The military says a Multi-National Division - Baghdad soldier died in an explosion Sunday during a route-clearing patrol in an eastern section of the capital.
A separate statement says another American soldier also has died of wounds suffered in a roadside bombing north of Baghdad.
That raises to two the number of Multi-National Division - North soldiers killed in the blast in the volatile Diyala province. The other death was reported Sunday after the attack occurred.
At least 4,020 members of the U.S. military have died since the Iraq war started in March 2003. That's according to an Associated Press count.
Meanwhile, Iraqi security forces said a large explosion demolished a building in the southern city of Basra on Monday, killing at least three militants and wounding four.
British military spokesman Maj. Tom Holloway said it was not clear what caused the blast but insisted no British, U.S. or Iraqi forces were involved. An Iraqi police official and witnesses say those killed were gunmen using the abandoned house as a base, and that the building was destroyed in an air strike.
The official spoke on condition of anonymity because he was not authorized to release the information.
U.S.-led forces have carried out several airstrikes amid fierce clashes between Shiite militiamen and Iraqi troops. But Holloway says that was not the case this time.
On Sunday, suspected Shiite militants lobbed rockets and mortar shells into the U.S.-protected Green Zone, killing two American troops and wounding dozens more, officials said.
The attacks occurred as U.S. and Iraqi forces battled Shiite militants in Sadr City in some of the fiercest fighting since radical cleric Muqtada al-Sadr ordered a cease-fire a week ago. At least 16 Iraqi civilians were killed and nearly 100 wounded in the fighting, according to hospital officials.
Prime Minister Nouri al-Maliki issued his strongest warning to date on Monday to al-Sadr to disband his militia or face political isolation. The Sadrists said Monday a move to ban them from elections would be unconstitutional.
Aide Hassan al-Zarqani said from Iran that al-Sadr will consult Grand Ayatollah Ali al-Sistani and other top Shiite clerics if the government continues to pressure al-Sadr to disband the militia or see his candidates banned from upcoming elections.
A military official said two U.S. troops died and 17 were wounded in the attack on the Green Zone, which houses the U.S. Embassy and the Iraqi government headquarters in central Baghdad.
A senior U.S. military official, also declining to be identified for the same reason, said the rockets were fired at the Green Zone from Sadr City while the mortar shells came from another predominantly Shiite neighborhood in eastern Baghdad, New Baghdad.
U.S. commanders have blamed what they call Iranian-backed rogue militia groups for launching missiles against American forces. American commanders say Iran supplies the militias with armor-piercing roadside bombs known as explosively formed penetrators or EFPs and other weapons. Tehran denies the allegations.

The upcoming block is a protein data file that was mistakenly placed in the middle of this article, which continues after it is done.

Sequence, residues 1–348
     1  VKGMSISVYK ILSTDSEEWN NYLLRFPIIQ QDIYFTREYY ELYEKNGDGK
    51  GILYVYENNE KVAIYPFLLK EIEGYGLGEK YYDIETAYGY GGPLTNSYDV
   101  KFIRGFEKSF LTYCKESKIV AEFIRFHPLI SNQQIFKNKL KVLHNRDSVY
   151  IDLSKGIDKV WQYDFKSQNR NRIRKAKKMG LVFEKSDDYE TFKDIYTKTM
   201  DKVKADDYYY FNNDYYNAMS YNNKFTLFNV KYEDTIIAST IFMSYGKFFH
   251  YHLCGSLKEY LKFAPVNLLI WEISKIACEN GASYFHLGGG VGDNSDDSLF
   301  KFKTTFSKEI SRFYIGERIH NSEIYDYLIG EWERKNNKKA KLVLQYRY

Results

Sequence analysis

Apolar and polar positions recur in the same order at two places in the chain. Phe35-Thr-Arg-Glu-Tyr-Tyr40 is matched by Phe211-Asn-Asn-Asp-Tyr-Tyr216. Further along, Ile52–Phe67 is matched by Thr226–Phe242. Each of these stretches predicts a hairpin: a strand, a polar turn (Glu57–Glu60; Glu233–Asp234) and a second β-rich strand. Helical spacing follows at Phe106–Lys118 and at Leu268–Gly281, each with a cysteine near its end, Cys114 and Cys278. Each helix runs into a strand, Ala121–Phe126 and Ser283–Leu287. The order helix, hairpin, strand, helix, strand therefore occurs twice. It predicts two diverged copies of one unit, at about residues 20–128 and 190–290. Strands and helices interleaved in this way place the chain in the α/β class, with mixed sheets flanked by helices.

In related developments:
The deadly mortar and rocket strikes in Baghdad came despite a strong push by the U.S. military to prevent militants from using suspected launching sites on the southern edge of Sadr City, the Baghdad stronghold of the Mahdi Army of anti-U.S. cleric Muqtada al-Sadr.
Fierce fighting erupted in Sadr City earlier Sunday after Iraqi troops backed by U.S. soldiers and attack helicopters tried to advance deeper into the enclave of some 2.5 million people.
American helicopters also fired Hellfire missiles that destroyed a vehicle and killed nine militants who were attacking Iraqi security forces rocket-propelled grenades in the area, the military said in a statement.
The surge in violence came as tensions rose in Shiite areas despite al-Sadr's cease-fire order issued March 30 that ended nearly a week of clashes in Baghdad, Basra and other cities in the Shiite south.
The cleric stopped short of asking his fighters to surrender their weapons, and sporadic clashes have continued.
The inability of the Iraqi security forces to curb the militias has cast doubt on their ability to take over their own security two days before the top American officials in Iraq - Gen. David Petraeus and Ambassador Ryan Crocker - are to brief Congress on the prospects for further reductions in the U.S. troop presence in Iraq.
Al-Sadr has called for a "million-strong" anti-U.S. demonstration on Wednesday in Baghdad to protest the fifth anniversary of the capture of Baghdad by invading U.S. troops.
CBS News chief foreign correspondent Lara Logan reports that any action against the Mahdi Army will likely bring more violence, and the government's ultimatum comes at a crucial point this time - coinciding with al-Sadr's call for a march.
At the edge of Sadr City, Lt. Col. Dan Barnett, the commander of the 1st Squadron, 2nd Stryker Cavalry Regiment, said Iraqi forces had come under sustained fire overnight after establishing checkpoints deeper into the Shiite district.
"They're working to establish control," he said, speaking to a small group of reporters as heavy gunfire resounded outside a joint U.S.-Iraqi base.
The Iraqi government has relaxed security measures Saturday around the Mahdi Army strongholds of Sadr City and the Shula neighborhood, allowing trucks carrying maintenance teams, food, oil products and ambulances into the areas that still face a vehicle ban despite the lifting of a citywide curfew.
But residents continued to complain of hardships.
"Our situation is miserable. We lack food, water and electricity. This morning I saw two men being shot by a sniper as they were trying to cross the street near my house. The government should do something to end our suffering," said Hussein Khazim, a taxi driver who has been out of work since the turmoil erupted in late March.